This industry is in the midst of change, full of positive disruption and rapid innovation that is driven primarily by the adoption of technology, ideas and techniques from other sectors.
New philosophies are changing not just our ambitions for healthcare, but the way healthcare is delivered, with a more holistic and less invasive approach taking centre stage. New products are harnessing technology and communication to enable more personalised treatment and produce more accurate solutions.
So, what are the key trends and philosophies driving this new era of healthcare forward?
1. Striving for moon shots
In the recent past, big investments in healthcare innovation have centred on improving what exists, rather than coming up with something new, largely because doing something really new carries more risk - not ideal when your company needs to guarantee shareholder returns.
However, politics in the US have highlighted a growing shift in focus towards 'moon shots', meaning triumphs that will completely revolutionise treatment, rather than dabbling round the edges.
Another factor driving this change in ambition is the growing involvement of technology super-companies in this sector. Organisations like Google, Apple and IBM have a history of leadership through breaking the mould. They're focused on the big goals, not the small ones, and the partnerships they're creating with healthcare companies big and small are triggering significant developments.
Indeed, Google has created Calico, an R&D company with the bold aim to prolong life. Its Verily incubator division is helping healthcare innovators to fast-forward their development while its DeepMind Health uses big data analytics to drive transformative innovation and personalisation in medicine. IBM Watson also has a similar goal.
Apple, meanwhile, is using the ubiquity of its devices with 'wearable tracking' functionality to help healthcare companies harness clinical data from live users - an approach set to transform the world of clinical trials.
2. Holistic treatment
Another shift in philosophy can be seen in the healthcare industry's move towards a more holistic approach to healthcare delivery. The aim is increasingly to prevent and restore, rather than cure and replace, and this comprehensive philosophy focuses treatment around the individual rather than the illness.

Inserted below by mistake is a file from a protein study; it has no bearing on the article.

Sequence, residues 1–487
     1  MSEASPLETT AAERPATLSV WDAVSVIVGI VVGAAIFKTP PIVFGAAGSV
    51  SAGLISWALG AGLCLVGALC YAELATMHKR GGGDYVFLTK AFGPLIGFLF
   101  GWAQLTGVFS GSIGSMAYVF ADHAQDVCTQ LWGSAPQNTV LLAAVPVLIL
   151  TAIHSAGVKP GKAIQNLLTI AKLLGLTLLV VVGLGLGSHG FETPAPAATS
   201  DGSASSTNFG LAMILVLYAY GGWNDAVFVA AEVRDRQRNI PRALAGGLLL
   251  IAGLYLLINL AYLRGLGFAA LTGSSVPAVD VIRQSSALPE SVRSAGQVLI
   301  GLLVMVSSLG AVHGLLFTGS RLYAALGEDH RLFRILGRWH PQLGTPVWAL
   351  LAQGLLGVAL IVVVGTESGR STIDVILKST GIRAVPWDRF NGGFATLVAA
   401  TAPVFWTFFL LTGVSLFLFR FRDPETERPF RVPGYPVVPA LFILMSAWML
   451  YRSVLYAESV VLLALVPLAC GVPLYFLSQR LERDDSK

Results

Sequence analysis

Partnerships between technology super-companies and healthcare companies are triggering significant developments
Traditionally, healthcare processes dealt in 'incidents' instead of looking at the long-term treatment and recovery process. However, a change in approach is increasingly necessary as the dominant type of disease has shifted from transmutable to inherited or lifestyle-related chronic conditions. This calls for a different approach as it's usually a case of manage, not cure.
The holistic approach permeating healthcare looks set to change the mindset behind treatment, and we're already seeing this shift filter through to medical payment systems. For example, the growing trend for healthcare payers such as insurers to pay for treatment as a bundled budget for each patient rather than an itemised list of hospital costs.
An integrated approach to healthcare
Technology companies are also recognising the need for a wider perspective in healthcare, as they harness big data to identify patterns in patient responses to treatments. This changing approach is also reflected in national 'population level' projects, like Change4life in the UK, which often use behavioural economics techniques to nudge people into leading healthier lifestyles so they're less likely to become ill.
Likewise, in smaller corporate 'populations', companies like Fitbit and Apple Watch are going head-to-head with traditional occupational health and wellness schemes. They're building services around their gadgets, for example employees offered a Fitbit for £25 but only if they hit their fitness goals. They're also offering this to corporates within a full service management package.
3. Reducing invasive techniques
The philosophies underlying transformative health increasingly recognise that the human body is an amazing machine and it's therefore more effective to try to restore the body rather than replace parts of it. Consequently, we're seeing a rise in less drastic medical interventions, such as regenerative cell therapies and the use of dissolving heart scaffolds rather than metal ones.
This overriding drive for treatments to be less invasive is particularly being applied to surgery, where the trend is to be less about going in and cutting up and more about interfering as little as possible. This is reflected in, for example, keyhole surgery, diabetes monitoring machines with pain-free sensors (instead of skin piercings) and cataract lenses designed to go through microscopic incisions.
Ultimately, the purpose of transformative health is to change our lives for the better. The companies driving this change are driven by the desire to make a real difference to human lives, have the audacity to ask “why can't we do things better?” and the confidence to bring in new ways of thinking, often from beyond the sector.